Our Co-Founder and Head of Adventure, Bee, has been a long time admirer of the beautiful artwork of Ugandan artist Sanaa Gateja. Sanna is a mixed-media artist and jewellery designer who is famous for his signature incorporation of recycled man-made waste materials in his art, particularly his unique way of making beads from discarded paper, which earned him the nickname ‘The Bead King’ in Uganda. Sanaa studied interior design in Italy and jewellery design at Goldsmiths in London. He has exhibited extensively across Africa as well as internationally. He is also the founder of Kweta Africa Art and Development Centre based in Lubowa, just outside of Kampala. We were recently lucky enough to have a chat with him to find out all about his inspirations and how it all started...
Can you tell us a little bit about yourself and how you became an artist?
Looking back from when I was very young I remember particular incidences and activities clearly as the building blocks to my becoming an artist. I come from the Southern Part of Uganda Kisoro that was Rwanda before colonial demarcations bellow Muhabura, the tallest of the Volcanic mountain range which stretch from Uganda, Rwanda and Eastern Congo. It is an area where traditional Metal working was very common due to rich deposits of Iron Ore. It is one of the major Artisanal activities around our village that I was introduced to, including Pottery, Wood carving, Mats Weaving to mention a few. As I go through Secondary School I meet European Art where we use pencils, Paints and brushes with emphasis on realism which I found very competitive. I wanted to be an Artist but I knew I had to forge my own direction. I became a Jeweller to ease my way into a carrier as an Artist and it worked.
What is the creative process like for you - how does your work come to life?
The creative process in whatever medium you choose is an adventure that consumes your mind while thinking of the best way to perfect and control the outcome as you work. The combination of technical knowhow and imagination either sketched or spontaneous action will bring the intended artwork to life.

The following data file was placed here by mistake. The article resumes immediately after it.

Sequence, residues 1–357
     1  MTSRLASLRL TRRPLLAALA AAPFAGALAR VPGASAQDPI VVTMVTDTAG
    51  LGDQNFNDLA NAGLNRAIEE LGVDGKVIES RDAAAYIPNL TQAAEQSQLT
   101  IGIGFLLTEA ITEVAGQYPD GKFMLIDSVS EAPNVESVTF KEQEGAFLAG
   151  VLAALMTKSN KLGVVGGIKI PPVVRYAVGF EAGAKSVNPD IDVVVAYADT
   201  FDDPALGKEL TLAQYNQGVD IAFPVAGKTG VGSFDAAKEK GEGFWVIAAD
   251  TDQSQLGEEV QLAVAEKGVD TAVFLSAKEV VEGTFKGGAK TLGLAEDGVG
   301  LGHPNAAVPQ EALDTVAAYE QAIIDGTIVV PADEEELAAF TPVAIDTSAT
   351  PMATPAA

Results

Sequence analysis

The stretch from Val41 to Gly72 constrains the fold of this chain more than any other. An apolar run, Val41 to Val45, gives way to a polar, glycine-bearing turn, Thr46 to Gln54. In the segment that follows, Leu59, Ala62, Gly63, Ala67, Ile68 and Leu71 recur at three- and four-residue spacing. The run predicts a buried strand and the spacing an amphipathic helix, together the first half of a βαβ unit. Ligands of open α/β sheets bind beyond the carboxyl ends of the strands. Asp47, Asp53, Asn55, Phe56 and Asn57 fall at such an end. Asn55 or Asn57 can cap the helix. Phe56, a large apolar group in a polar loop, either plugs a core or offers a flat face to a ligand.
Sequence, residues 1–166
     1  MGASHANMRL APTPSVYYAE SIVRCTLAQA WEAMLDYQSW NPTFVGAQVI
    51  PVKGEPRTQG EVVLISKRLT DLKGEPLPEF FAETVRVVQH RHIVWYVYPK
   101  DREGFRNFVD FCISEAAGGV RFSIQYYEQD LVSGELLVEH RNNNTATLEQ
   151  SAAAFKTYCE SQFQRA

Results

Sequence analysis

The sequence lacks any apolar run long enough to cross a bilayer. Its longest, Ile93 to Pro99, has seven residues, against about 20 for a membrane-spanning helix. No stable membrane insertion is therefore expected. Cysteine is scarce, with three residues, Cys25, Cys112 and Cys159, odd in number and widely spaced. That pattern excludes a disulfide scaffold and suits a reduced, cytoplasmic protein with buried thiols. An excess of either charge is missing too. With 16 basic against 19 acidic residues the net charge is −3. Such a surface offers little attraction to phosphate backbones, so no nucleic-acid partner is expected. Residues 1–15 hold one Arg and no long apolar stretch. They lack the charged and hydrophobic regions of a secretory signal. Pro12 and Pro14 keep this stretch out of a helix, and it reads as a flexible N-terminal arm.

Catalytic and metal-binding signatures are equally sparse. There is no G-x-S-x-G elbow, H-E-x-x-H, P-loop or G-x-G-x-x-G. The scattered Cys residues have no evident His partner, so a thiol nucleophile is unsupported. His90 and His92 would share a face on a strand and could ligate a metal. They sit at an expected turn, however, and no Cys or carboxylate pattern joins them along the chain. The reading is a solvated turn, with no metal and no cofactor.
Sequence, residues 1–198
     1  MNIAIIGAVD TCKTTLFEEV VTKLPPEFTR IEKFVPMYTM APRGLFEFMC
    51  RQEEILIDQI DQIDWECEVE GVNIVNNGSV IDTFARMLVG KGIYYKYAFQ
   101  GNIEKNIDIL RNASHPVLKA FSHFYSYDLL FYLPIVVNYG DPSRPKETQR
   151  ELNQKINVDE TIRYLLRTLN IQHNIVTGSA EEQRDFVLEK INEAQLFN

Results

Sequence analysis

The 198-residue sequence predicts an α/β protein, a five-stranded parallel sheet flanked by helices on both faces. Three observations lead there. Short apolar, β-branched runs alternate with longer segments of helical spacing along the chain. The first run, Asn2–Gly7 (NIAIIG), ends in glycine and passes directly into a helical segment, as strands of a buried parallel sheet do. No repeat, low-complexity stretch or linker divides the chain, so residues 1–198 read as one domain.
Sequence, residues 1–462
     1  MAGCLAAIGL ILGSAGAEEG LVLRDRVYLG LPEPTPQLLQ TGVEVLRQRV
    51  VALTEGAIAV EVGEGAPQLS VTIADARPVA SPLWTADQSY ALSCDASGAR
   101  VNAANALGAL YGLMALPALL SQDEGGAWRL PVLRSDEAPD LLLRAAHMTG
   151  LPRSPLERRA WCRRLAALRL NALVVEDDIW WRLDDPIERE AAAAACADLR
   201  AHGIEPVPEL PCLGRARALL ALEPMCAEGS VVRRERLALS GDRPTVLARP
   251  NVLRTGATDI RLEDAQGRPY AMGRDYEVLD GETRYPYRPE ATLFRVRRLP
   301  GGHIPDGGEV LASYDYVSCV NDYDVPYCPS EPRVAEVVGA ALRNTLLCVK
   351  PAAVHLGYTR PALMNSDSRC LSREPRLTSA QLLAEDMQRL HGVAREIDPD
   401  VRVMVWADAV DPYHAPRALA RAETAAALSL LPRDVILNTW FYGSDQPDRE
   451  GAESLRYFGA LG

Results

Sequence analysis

Is there a particular message that you hope to convey through your artwork?
There is always a message one wants to convey through art for I beleave the lines or circles of any mark one makes, builds up the finished work that is symbolic of intent and has a message whether in three or two dimensional work. A creation without a message is dull and immature.
A lot of your work focuses on repurposing waste materials, is there a reason for this?
It is still the childhood need to check and discover materials around me that result in choices of material discarded but once useful. I realised very early on that conventional Art materials were expensive and while I believed that an Artist is an Inventor and a visionary I embarked of a social environmental responsibility of bringing back to life what we discard as waste with problems of disposal. I recognise an intrinsic value in everything suggestive of beauty first and then a message or purpose. It is my responsibility as an Artist to reveal secrets of creation.
What has been the proudest moment for you throughout your art career?
That I can turn traditional Crafts skills into Contemporary Art with help of a trained team of Assistants all earning enough. It makes me proud especially when the work sells.
Do you enjoy experimenting with new work?
I am always experimenting with new materials, new design methods of work and
always enjoying the sense of adventure and discovery. It keeps me fresh and
attentive to my work in general.
How has the pandemic affected the work you are making?
The Pandemic is a challenge for everyone. It has affected sales of art greatly but has transformed attitudes to working. I look at new expressions, new uses materials and use the time positively while under Lockdown for there is hope for tomorrow.
What is your hope for the future of your career?
My career grows all the time as I introduce and train new workers in skills and as I venture in new directions to make my situation and all involved better.
Do you have any upcoming projects that you are particularly excited about?
The new project in mind starting next month is to take my way of working a step
further. For examples paper has many qualities I have not exploited fully and I want to make it a point that I adventure into experiments to discover what more I can do with this material.
Do you have any advice for young creatives?
Any creative person especially the young should take on challenges to discover new expressions with materials and what can be done to project these materials to global audiance with success in mind. It is hard work but very rewarding in many ways
Are people able to purchase your artwork?
My work is available for sale from Art Galleries in Kampala and London and Paris or directly from me.
Is there anything else you would like to share?
Artists working from the African Continent have very good environment and access to diverse materials that can be used to make art.